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Monday, February 21, 2011

Iron and Ice

Monday was a perfect day for a hike. The weather was crisp but all of the forecasts said no rain.

I planned to hike the John Wayne Trail which is recognized as the Iron Horse Sate Park from North Bend to the Columbia River. This trail is the recovered rail bed of the Milwaukee Road rail system and stretches all the way to the Idaho border. Making it, I suspect, the longest, skinniest state park around.

The trail head had some interesting graphics. The Milwaukee Road was electric and the trains could gather power and re-feed the circuits when going downhill. This rail run from Seattle was vital for the silk trade. Raw silk from Asia was quickly transported east. The opening of the Panama Canal and the development of nylon and other synthetics put this system to rest. The rail route here kept a team of 100+ men who made sure the line was free of snow in the season. At the top of the mountains there is a 2.3 mile long tunnel which this trail once went through. Unfortunately the deterioration of the tunnels, which were blasted through rock, has made it necessary to detour off the trail at the summit.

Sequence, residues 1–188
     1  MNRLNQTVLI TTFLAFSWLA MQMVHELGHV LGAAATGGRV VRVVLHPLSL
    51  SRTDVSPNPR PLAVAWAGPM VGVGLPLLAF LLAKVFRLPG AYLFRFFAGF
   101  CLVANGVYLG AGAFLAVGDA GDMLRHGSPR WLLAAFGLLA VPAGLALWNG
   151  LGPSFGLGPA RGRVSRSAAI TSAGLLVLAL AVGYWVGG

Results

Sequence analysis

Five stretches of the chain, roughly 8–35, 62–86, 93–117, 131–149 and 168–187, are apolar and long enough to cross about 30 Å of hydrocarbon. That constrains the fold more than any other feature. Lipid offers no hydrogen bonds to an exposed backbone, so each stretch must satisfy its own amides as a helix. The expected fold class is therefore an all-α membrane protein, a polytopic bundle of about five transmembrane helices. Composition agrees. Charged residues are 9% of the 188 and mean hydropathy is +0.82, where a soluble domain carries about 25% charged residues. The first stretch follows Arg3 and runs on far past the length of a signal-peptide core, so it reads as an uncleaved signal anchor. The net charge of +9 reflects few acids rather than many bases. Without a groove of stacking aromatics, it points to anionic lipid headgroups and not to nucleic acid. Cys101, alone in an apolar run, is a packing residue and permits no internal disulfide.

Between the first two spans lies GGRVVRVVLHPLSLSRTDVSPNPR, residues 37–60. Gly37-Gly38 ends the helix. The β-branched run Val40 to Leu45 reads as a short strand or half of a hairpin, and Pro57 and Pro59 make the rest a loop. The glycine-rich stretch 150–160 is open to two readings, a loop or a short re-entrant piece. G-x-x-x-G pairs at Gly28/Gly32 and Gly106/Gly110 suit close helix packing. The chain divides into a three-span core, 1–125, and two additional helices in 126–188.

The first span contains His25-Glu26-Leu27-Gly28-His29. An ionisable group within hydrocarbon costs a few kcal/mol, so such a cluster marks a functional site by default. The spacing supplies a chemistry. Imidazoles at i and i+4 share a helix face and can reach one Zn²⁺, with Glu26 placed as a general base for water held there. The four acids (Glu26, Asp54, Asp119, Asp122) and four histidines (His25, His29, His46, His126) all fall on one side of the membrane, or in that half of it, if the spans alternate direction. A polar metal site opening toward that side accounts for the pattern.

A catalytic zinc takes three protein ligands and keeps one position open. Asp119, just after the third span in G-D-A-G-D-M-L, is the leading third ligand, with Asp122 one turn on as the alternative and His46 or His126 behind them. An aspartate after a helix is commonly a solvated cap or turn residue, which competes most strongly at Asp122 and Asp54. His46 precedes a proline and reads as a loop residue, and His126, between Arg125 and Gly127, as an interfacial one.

Also the trail head has some of the prettiest privies I have ever seen.

I found a walking stick that someone left. This is a usual thing around here. People will find an old piece of tree limb and if you are lucky it is the right shape weight and height for a walking stick. The stick I used last year I found in April and we had many a hike together. This new stick will join me on this years journeys.

The woods were strangely quiet here. I was disappointed and a bit surprised to not hear more bird chatter. The south side of the trail skirts the Ceder River Watershed and this area is strictly off limits. To the north the I-90 corridor is just over the way. This part of the trail gradually climbs at rail grade (about 2%) and cuts through the woods bringing you out at a ridge right across from Mt Si. From I-90 you can see old bridges and trestles. It was my intention to hike to the large trestle just the other side of Twin Falls.

I was not long on underway when it started to snow teensy little flakes. No more than a sprinkle it was more charming than anything else. Here and there patches of recent frozen graupel decorated the grassy edges. I could not resist this little scene of mushrooms and frosty mosses covered in pillowy frozen rain pellets, known as graupel. It would continue to flutter sprinkles of snow on and off all day.

Along the way there are handy markers from the railroad days. It is 2135 miles to Chicago.

I wish I had paid attention to the signs at the trail head telling me how far to Twin Falls. I seemed to remember from my trail guide book that the trestle should be 3 miles.

There was plenty to look at along the way. After a mile or so, evidence that this elevation is still getting plenty of winter was all around. Frozen runoff and spray coated plants and hung icicles from rock face walls. In some areas where the rail bed had blasted through rock, the drips and trickles produced some fantastic sculptures.
Like this ice bound branch of a Salal.